Though it will take weeks or longer to determine how much was actually lost in the Japanese earthquake and tsunami, investors sold insurance shares on Monday in fear of how high the total will go.
At least one set of experts pegged the insured loss as high as $35 billion just from the earthquake and subsequent fires -- to say nothing of tsunami damage that will surely add to the figure. Some financial analysts said the figure should be lower but still substantial.
Insurance indexes in both the United States and Europe underperformed the broader market. Shares of carriers with specific exposure to the market like MetLife Inc, American International Group Inc and Aflac Inc, fell, as did those of top global reinsurer Swiss Re and rivals Munich Re and Hannover Re.
Risk modeling agency AIR Worldwide said the earthquake, which struck northeastern Japan on Friday, could result in an insured loss of between $14.5 billion and $34.6 billion. The upper end of the estimate would make Friday's earthquake the second-costliest natural disaster for insurers in the last 40 years, behind 2005's Hurricane Katrina.
Risk modelers RMS and Eqecat, which along with AIR produce scientific estimates of the impact of natural disasters, are expected to issue their initial research in the next few days.
Given the nature of the destruction, combined with the ongoing recovery efforts and evacuation areas, it will take some time to estimate the damage, Swiss Re said.
Estimates of the overall cost of the multiple disasters exceeded $170 billion on Monday, and there are still questions about how the ongoing nuclear accident at the Fukushima reactors will affect losses.
Insurers said they did not expect to absorb the cost of earthquake-related damage to the nuclear power facility 240 kilometers north of Tokyo that has stirred fears of a leak of radioactive material across the region.
Any impacts due to major accidents in Japanese nuclear power plants will not significantly affect the private insurance industry, Munich Re said.
A person familiar with the situation said nuclear plants in Japan are covered by a domestic insurance pool, which excludes both earthquakes and tsunamis from its property and liability policies. That would suggest Fukushima operator Tokyo Electric Power Co or TEPCO may not be covered for the results of the accident.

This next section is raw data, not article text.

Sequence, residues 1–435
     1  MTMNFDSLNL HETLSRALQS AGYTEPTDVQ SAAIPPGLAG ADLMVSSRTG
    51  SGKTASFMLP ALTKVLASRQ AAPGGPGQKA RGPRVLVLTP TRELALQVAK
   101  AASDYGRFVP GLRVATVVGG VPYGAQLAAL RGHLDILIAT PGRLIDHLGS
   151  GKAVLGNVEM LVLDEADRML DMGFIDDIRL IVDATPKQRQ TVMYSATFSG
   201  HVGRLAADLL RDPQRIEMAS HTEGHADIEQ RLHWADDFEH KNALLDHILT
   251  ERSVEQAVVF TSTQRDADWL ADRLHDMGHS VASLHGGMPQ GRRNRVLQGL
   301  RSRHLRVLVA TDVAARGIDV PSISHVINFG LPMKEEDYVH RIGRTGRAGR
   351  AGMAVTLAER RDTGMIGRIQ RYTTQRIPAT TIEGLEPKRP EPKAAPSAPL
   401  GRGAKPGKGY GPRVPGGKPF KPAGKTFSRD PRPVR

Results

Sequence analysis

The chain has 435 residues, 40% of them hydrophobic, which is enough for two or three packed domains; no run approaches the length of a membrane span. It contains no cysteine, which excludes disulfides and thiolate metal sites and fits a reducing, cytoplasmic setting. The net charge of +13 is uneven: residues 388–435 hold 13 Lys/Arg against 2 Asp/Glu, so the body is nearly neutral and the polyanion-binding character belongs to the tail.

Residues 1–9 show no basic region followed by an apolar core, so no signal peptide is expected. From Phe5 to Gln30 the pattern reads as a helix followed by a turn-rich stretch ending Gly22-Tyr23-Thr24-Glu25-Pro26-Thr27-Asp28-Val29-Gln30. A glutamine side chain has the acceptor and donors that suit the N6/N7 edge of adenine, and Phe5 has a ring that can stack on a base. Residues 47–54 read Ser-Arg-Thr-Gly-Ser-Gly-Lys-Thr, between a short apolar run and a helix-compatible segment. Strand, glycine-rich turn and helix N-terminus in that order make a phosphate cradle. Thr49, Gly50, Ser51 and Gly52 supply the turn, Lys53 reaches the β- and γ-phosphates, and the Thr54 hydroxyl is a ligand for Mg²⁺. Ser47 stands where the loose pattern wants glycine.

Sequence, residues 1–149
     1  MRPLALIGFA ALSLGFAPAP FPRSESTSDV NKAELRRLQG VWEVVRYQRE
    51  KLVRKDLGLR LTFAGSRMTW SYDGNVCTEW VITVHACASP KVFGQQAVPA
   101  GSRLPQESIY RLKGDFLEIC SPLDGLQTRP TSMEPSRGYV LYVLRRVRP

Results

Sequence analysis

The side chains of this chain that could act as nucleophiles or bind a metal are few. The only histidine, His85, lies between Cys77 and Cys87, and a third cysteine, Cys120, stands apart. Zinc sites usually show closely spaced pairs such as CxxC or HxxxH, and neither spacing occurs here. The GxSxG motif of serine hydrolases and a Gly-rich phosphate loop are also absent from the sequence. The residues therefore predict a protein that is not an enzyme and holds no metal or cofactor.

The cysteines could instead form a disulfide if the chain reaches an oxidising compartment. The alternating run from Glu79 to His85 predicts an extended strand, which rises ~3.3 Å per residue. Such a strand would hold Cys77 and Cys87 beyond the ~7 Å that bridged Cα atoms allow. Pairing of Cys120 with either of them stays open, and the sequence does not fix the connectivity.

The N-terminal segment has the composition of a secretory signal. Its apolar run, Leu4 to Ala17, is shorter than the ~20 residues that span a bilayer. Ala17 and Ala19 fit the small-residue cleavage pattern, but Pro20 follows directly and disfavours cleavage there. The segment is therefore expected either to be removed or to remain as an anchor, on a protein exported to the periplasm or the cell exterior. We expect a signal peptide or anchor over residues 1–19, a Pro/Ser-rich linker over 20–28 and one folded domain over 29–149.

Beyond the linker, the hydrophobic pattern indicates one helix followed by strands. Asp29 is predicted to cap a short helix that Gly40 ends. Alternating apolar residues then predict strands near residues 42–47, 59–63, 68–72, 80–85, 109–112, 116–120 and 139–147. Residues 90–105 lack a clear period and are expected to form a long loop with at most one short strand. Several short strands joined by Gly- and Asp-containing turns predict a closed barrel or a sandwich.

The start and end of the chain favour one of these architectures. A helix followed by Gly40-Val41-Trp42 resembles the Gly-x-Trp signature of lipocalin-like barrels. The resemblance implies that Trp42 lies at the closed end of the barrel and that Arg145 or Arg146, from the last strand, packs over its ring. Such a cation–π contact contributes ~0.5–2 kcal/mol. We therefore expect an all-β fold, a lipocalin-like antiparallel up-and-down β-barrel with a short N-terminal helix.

But Chaucer Holdings Plc, one of the world's biggest insurers of nuclear risk, said it did not expect any big claims because the Japanese Nuclear Act of 1961 absolves nuclear plant operators of liability from damage caused by major natural disasters.
Shares of Chaucer, currently in takeover talks with private equity tycoon Guy Hands and other suitors, were up 2.8 percent, partly reversing an 8.5 percent fall on Friday.
One industry expert said it would have been hard for any insurer to predict this kind of loss when writing policies.
This was an unprecedented hazard level, said Gordon Woo, lead catastrophist for RMS. This was an extremely rare event and the consequences in terms of the tsunami.
Some analysts said the disaster, combined with heavy losses already suffered this year from floods in Australia and last month's New Zealand earthquake, could push up global insurance prices, boosting insurers' shares.
In our view the loss will be so large that it will probably provide the trigger to ensure a re-rating of the non-life sector, Panmure Gordon analyst Barrie Cornes wrote in a note.
Shares in the sector have been under pressure due to persistently weak global insurance prices, reflecting stiff competition between well-capitalized insurers. A big loss would erode insurers' capital, forcing them to charge more to recoup big payouts to customers.
Last year, analysts polled by Reuters said a natural catastrophe would need to cause an insured loss of more than $40 billion to lift prices across the market.
The earthquake is likely to slow some share buyback plans at large reinsurers but not create capital problems, Barclays Capital said in a note.
Ratings agency Fitch said it did not expect major downgrades to insurers' credit ratings as a result of the earthquake but warned that some reinsurers could miss current earnings expectations.
The hit will also be limited by a low take-up of insurance by Japanese households and businesses relative to Western countries, and by limited use of reinsurance by domestic Japanese companies.
These factors limited the financial impact on insurers after the 1995 Kobe earthquake to about $3 billion, a small fraction of the overall economic loss of $100 billion.
(Additional reporting by Katie Reid in Zurich, Maria Aspan in New York, and Rachel Chitra and Tanya Agarwal in Bangalore; Editing by Gerald E. McCormick and Steve Orlofsky)